We start in Old Windsor where Simon and Emma Sydenham formed the business a year ago. This is definitely a labour of love, as Simon explains: “I’ve had two back operations, and Emma’s father has also had surgery. Walking and exercise has definitely helped, but I started looking around for a chair which could also make a difference, while being comfortable.”

After a long search and trying various designs, he found one… but what turned out to be the perfect chair hadn’t been in production for 25 years. The good news is that its original designer turned out by chance to also be in Berkshire: Dr Jack Nickson, a now retired GP from the Chieveley part of Newbury, with a long interest in countering low back pain. The Sydenhams and Dr Nickson did a deal – they would bring back what was to become the Rockback, a modern version of his original work.

So the task of getting it to market began, and this is where a host of other local experts come in, including traditional High Wycombe-based furniture experts, as well as artisan and small businesses across the region.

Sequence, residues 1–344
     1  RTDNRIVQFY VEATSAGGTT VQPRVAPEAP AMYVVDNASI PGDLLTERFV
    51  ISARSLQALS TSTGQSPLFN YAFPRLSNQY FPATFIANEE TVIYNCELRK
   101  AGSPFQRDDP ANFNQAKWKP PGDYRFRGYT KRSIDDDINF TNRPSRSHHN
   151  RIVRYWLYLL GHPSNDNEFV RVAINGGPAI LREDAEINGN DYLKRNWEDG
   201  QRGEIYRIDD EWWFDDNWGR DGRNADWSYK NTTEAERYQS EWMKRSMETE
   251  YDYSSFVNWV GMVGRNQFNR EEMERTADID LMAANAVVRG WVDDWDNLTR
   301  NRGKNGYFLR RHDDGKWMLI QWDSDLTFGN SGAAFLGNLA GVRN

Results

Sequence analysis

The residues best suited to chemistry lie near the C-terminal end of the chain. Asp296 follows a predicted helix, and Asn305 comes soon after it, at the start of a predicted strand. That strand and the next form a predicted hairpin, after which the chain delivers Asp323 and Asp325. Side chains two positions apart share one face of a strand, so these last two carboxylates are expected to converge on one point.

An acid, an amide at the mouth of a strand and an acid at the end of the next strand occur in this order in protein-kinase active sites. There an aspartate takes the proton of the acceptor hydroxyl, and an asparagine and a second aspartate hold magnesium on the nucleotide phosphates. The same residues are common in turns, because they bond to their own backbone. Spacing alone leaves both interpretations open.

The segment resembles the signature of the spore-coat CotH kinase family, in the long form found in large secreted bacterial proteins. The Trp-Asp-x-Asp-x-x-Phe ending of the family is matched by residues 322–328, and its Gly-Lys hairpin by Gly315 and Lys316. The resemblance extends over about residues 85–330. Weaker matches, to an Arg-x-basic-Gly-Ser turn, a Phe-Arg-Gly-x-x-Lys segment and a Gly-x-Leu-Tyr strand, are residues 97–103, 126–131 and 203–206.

The prototypes for Rockback were produced by Phil Pask at Albion Chairs of Sands in High Wycombe, who have been making office chairs and ergonomic seating since 1987. These days they also offer those sit-stand desks we mentioned, see albionchairs.com. Handling the frame finishing is Phil’s business neighbour, Geoff Williams of JRW Woodfinishing.

Naturally, the frames had to be made of our native beech, and we hop – or rock – back over the county border for this one as they are made by Brian Nash based in Grazeley Green, Reading, at his family business, Nagro Frames, founded back in 1970. Their contracts have included The John Lewis Partnership, Heals and Conran, see www.nagroframes.co.uk.

We actually go south for the curved ply used in the seat and back: it was designed by Chris Wride at 3D Ply in Blandford Forum, Dorset, www.3dply.co.uk. But we’re definitely back in Berkshire for that all-important upholstery as it’s carried out by Gerry and Val Richmond at Richmond Upholstery, working from Sheeplands Farm Cottages, Twyford Road in Wargrave. They use fabric from Villa Nova, Camira and Modelli.